Released on February 8th, 1976, Taxi Driver is a film is so strongly a product of its director’s fascinations and cinematic ferocity that discussion of the film often is focused around Martin Scorsese. To highlight its 38th anniversary, we have a great 70-minute documentary, directed by Laurent Bouzereau and courtesy of A Bitter Sweet Life, that highlights the many contributions put forth by Taxi Driver’s ensemble of talented actors and artisans.
The methodical creation of Travis Bickle’s mohawk, screenwriter Paul Schrader’s encounter with a fifteen-year-old prostitute, and Robert De Niro’s experiences moonlighting as a real cab driver are among the most riveting stories in the documentary. Beyond the film’s themes of urban alienation and graphic violence, Taxi Driver remains a time capsule of a bygone city and genre of film devoted to the “anti-hero.”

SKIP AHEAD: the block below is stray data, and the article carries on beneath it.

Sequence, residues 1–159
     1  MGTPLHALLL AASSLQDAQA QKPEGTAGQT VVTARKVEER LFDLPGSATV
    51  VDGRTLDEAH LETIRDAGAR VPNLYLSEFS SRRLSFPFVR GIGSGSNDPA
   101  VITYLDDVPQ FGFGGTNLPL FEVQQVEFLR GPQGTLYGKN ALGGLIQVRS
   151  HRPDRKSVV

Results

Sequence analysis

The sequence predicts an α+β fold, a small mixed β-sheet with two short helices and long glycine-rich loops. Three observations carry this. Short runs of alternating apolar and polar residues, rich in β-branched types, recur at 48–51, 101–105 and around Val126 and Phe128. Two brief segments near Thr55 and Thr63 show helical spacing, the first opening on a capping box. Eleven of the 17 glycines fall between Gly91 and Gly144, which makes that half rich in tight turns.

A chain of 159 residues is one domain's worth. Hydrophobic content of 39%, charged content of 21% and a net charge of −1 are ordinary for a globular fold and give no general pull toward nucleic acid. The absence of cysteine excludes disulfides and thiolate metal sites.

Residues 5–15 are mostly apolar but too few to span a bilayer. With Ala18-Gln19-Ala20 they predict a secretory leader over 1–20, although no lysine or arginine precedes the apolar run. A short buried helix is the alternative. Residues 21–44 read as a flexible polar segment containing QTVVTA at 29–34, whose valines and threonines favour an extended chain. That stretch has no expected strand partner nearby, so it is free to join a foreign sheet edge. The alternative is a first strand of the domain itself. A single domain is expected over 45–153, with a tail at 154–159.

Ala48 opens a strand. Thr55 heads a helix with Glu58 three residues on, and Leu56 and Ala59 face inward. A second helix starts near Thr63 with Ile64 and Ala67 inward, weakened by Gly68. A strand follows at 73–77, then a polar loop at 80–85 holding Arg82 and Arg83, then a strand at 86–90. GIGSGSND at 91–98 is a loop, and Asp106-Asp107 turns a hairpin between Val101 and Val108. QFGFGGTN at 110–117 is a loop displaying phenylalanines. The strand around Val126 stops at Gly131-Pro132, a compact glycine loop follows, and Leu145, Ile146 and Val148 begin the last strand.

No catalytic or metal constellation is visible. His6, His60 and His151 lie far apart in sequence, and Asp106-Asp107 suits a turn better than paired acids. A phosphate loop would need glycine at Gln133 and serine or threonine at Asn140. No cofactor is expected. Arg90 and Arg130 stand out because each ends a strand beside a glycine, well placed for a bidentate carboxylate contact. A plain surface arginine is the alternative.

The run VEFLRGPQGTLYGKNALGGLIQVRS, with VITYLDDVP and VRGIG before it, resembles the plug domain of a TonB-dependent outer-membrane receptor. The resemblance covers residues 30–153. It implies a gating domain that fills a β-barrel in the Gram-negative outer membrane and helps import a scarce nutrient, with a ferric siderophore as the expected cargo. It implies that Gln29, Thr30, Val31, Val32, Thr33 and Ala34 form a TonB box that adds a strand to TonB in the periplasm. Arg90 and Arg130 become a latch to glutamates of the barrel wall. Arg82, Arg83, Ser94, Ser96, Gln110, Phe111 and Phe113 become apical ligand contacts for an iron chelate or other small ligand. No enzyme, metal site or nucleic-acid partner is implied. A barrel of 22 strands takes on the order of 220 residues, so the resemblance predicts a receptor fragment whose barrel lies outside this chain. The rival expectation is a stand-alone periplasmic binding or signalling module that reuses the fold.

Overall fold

On the surface Taxi Driver seems like reprehensible film with its lurid characters and unpleasant situations, but the documentary investigates the unexpected allure of the film. Even Scorsese concedes, “I thought at the time we were making a picture that wouldn’t necessarily speak to many people and I was surprised when it had such an acceptance.” Schrader argues that the loneliness exhibited by Travis is “part of a pathology we share,” while Jodie Foster claims it’s the film’s “moral center” that attracts us to it.
Whatever the reason, take a look a the documentary below and immerse yourself in the grit and mastery that is Taxi Driver, as well as a batch of behind-the-scenes photos and one featuring our director’s cameo:
Is Taxi Driver amongst your favorite Scorsese films?